A more recent variation is to oppose China’s membership in the World Trade Organization (WTO) unless concessions are forthcoming. Both are deeply flawed strategies.
The temptation to use trade as leverage, especially on human rights, is understandable. Beijing’s brutality toward dissidents offends anyone who values individual freedom. America cannot allow moral outrage to govern its trade relations, however. Repression is all too common in the world, and the United States would have to sever commercial ties to numerous nations. How could we purchase oil from Saudi Arabia, for example?
Americans who want to withhold MFN status and WTO membership to coerce the Chinese government into being more cooperative and democratic advocate precisely the wrong policy. Such actions would primarily injure the sectors of China’s economy that are the most dynamic and have the most extensive connections to the outside world. Those sectors are dominated by younger, cosmopolitan Chinese who view the aging communist autocrats in Beijing with thinly disguised distaste and impatience. We should strengthen such potential sources of change and power, not weaken them by restricting trade relations.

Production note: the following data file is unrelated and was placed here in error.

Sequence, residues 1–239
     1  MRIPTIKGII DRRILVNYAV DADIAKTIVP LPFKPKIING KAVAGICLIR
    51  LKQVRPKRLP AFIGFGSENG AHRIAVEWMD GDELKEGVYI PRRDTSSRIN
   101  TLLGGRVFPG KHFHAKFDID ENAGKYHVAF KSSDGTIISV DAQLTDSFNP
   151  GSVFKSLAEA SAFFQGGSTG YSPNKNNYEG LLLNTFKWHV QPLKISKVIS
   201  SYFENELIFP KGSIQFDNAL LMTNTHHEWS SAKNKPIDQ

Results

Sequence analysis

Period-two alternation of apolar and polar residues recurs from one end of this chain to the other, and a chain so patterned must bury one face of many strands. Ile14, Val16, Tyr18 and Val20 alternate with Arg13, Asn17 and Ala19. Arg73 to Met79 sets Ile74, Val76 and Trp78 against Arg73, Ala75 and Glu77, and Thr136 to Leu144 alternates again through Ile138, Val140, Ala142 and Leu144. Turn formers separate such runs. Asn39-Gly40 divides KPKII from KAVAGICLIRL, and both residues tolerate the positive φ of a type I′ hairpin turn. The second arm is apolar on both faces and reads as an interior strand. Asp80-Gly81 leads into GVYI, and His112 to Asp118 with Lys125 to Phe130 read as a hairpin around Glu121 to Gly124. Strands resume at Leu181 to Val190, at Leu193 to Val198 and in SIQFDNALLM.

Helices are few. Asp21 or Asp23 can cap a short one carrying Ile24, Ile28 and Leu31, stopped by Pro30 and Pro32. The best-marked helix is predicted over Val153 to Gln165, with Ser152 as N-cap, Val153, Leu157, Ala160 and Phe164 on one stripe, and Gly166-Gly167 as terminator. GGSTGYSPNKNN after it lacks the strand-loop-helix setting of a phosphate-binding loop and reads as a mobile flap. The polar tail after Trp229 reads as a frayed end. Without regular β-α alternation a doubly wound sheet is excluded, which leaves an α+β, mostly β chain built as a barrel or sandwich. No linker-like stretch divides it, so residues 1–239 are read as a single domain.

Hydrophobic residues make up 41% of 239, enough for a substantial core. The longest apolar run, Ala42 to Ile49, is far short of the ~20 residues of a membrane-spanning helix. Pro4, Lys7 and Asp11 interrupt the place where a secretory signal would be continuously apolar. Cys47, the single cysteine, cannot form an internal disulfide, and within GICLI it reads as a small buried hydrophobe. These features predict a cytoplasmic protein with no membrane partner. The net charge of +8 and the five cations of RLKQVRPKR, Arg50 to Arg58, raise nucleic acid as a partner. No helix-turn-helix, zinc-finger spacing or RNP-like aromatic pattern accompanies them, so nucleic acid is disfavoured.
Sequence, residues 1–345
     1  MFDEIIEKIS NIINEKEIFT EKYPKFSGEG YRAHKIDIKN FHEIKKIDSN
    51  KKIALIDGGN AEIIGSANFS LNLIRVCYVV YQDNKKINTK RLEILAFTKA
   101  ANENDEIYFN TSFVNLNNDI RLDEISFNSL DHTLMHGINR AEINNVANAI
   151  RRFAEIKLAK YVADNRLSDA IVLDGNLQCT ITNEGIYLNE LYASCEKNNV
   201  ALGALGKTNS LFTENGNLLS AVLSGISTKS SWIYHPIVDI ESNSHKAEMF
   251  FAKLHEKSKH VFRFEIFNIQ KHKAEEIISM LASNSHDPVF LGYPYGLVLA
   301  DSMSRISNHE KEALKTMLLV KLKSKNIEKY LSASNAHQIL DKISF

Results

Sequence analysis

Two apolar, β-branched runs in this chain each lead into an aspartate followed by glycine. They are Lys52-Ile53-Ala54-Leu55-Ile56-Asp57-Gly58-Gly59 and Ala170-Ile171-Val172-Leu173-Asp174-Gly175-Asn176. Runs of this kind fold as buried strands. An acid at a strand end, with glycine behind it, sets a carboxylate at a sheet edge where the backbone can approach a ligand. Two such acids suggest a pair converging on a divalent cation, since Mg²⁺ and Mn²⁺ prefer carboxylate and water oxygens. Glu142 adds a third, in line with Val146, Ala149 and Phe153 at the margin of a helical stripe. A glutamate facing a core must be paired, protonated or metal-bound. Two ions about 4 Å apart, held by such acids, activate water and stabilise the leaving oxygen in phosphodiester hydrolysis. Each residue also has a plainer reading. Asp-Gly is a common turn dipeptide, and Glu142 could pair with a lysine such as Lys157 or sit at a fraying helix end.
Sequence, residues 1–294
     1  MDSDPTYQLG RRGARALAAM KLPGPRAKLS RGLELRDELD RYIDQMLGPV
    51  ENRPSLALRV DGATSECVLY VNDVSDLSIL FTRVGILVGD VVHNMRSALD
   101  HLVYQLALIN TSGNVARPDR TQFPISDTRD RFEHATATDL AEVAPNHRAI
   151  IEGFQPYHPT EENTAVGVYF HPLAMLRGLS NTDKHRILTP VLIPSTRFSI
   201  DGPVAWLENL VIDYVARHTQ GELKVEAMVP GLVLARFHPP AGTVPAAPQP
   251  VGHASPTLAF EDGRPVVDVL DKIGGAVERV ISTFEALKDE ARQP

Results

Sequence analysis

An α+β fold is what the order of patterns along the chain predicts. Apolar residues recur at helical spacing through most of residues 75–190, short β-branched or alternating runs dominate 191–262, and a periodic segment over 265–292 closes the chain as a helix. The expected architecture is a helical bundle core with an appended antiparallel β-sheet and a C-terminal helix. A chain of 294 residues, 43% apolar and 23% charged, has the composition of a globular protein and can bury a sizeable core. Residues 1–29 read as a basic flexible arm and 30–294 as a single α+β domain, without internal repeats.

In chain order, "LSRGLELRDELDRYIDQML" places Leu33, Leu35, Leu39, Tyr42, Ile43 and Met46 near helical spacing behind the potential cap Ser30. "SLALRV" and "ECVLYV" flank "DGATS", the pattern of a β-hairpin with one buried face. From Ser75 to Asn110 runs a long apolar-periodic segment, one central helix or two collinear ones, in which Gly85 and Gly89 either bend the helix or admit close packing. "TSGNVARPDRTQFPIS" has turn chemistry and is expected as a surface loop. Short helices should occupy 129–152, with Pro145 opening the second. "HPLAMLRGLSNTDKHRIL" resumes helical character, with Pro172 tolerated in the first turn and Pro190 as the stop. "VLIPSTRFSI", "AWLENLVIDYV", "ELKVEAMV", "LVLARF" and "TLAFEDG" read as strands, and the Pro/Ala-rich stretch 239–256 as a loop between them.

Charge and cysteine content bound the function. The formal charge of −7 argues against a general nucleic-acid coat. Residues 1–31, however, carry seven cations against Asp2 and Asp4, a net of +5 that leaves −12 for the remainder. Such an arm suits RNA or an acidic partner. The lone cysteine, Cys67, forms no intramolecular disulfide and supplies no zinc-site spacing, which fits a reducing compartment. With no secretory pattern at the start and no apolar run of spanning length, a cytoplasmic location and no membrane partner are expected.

That is not to say that Washington ought to ignore human rights abuses–or other, equally troubling aspects of Beijing’s behavior, including a growing belligerence toward its neighbors and a careless (at the very least) policy on arms transfers. But such problems should be handled in the realm of diplomacy. Linking trade to the resolution of those disputes merely creates further friction in an already tense U.S.-Chinese relationship.
Finally, it needs to be emphasized that the freedom to buy or sell products and services without arbitrary government interference is itself an important human right–for Americans as well as Chinese. Trade should not become a pawn in a game of global political chess.